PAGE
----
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Making a model of a limp parchment binding

by Josefin Jimenez, Bolton Conservator

I recently had the good fortune to take part of an online bookbinding class to make a model of a Christopher Clarkson limp parchment conservation binding. The class was arranged through the Institue of Conservators-Restorers in Ireland (ICRI) and taught by Anne-Marie Miller, ACR, MA of Codex Conservation.

A stack of papers with a green paper at the bottom, cream and white paper on top, linnen thread wound around a piece of cardboard and white leather thongs. A hand is holding the package open.
Material package, sewing thread, green handmade paper, paper for textblock and endleaves and alum tawed cords.

The materials came through the mail to each participant, containing paper, thread, a strip of parchment and alum thawed cords.

Christopher Clarkson (1938-2017) was instrumental in developing modern conservation methods and ethics in the UK, designed the model after working with recovering manuscripts and printed books damaged in the 1966 Florence floods. He noted that parchment bindings with soft covers and laced through attachments fared better than hardbound books, relying on boards and adhesion. He experimented with creating a non-adhesive binding with soft covers and a spine lining, which would function as a strong flexible support for the movement of the spine.

A “conservation binding” is an umbrella term for binding structures designed by conservators with longevity, re-treatability and mechanical function in mind. They are often made by “cherry picking” features from historical bindings to ensure best function. Even if rebinding or making an new binding is considered a radical step it is sometimes the best way to ensure that a book is protected from damage. By making a model of a binding, or structure, a conservator can learn how to best put the binding together, or which features could be suitable to incorporate in future projects. The physical object also makes it easy to observe how the structure moves and changes over time and with handling.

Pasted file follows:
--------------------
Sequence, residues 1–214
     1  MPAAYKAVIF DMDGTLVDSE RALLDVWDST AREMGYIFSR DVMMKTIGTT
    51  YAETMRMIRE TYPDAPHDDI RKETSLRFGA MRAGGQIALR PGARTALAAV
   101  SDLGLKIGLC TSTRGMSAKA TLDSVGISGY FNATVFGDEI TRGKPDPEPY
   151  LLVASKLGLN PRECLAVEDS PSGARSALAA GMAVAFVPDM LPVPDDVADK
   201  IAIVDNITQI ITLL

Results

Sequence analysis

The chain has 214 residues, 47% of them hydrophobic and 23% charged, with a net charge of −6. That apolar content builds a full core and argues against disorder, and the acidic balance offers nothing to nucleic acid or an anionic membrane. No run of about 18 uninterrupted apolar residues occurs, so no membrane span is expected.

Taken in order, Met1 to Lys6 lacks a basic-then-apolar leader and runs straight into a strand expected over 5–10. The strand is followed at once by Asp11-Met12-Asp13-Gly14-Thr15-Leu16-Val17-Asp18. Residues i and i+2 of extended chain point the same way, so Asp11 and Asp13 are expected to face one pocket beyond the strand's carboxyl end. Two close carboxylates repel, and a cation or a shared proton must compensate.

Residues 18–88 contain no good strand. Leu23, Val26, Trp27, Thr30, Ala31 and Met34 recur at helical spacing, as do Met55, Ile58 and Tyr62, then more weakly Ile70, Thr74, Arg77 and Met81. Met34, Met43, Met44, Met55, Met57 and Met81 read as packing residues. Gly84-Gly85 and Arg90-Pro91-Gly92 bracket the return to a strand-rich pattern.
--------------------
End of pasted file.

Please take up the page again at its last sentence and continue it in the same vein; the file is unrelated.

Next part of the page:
Taking part in an online tutorial was somewhat different from learning in person and sometimes required inventive takes and improvisation to gather the necessary equipment and tools, but once in session it was surprisingly familiar.

 

Image of a cluttered table, in the foreground the uncovered text block
The textblock with the sewing finished, just removed from an improvised sewing frame.

As this is only a model, and in the interest of  avoiding exorbitant material costs the parchment for the cover was substituted with a sheet of thick handmade paper, which has a similar drape and function. The binding features split alum thawed sewing supports, which laced through the boards forms the primary connection between cover and book block. Hidden under the cover is the parchment spine lining which provides a support the the laced through endband, or “structural endband” gives additional support and attachment. The lining attaches through the stitched tie downs. The binding is finished with alum thawed ties to hold the book closed.

Personally, stitching the endbands by hand were the biggest challenge, as tension is very important and there is a tactile element to it difficult to convey through online teaching, but after a few tries it went very smoothly. When making the endband it is important to keep the tension on the thread even, not pulling it too tightly while still keeping the beads firm enough to lock the structure.

A close up of a white linnen thread endband

 

Stitching the endband

The above link is a beautiful time lapse from Julia Poirier’s Instagram, conservator at Chester Beatty Library showing her stitching the endband for her model. This endband has a bead at the back and front and is stitched through the sections and spine liner. The endband forms the primary attachment of the spine lining and book block.

The spine and parchment spine lining, slots are cut in the lining leaving the sewing stations visible
The spine and sewing, with the parchment spine lining stitched into place.

Even as a model, it’s a very beautiful binding and it was fantastic to get back into working practically and participating in a joint endeavour across long distances.

A book with soft cover made from paper and white ties at the foredge.
The finished model with the thongs tied.

For anyone interested, this blog has a detailed tutorial with instructional videos in how to make a similar, but much simpler binding, from home made materials which we made for National Heritage Week 2020.

 

Further reading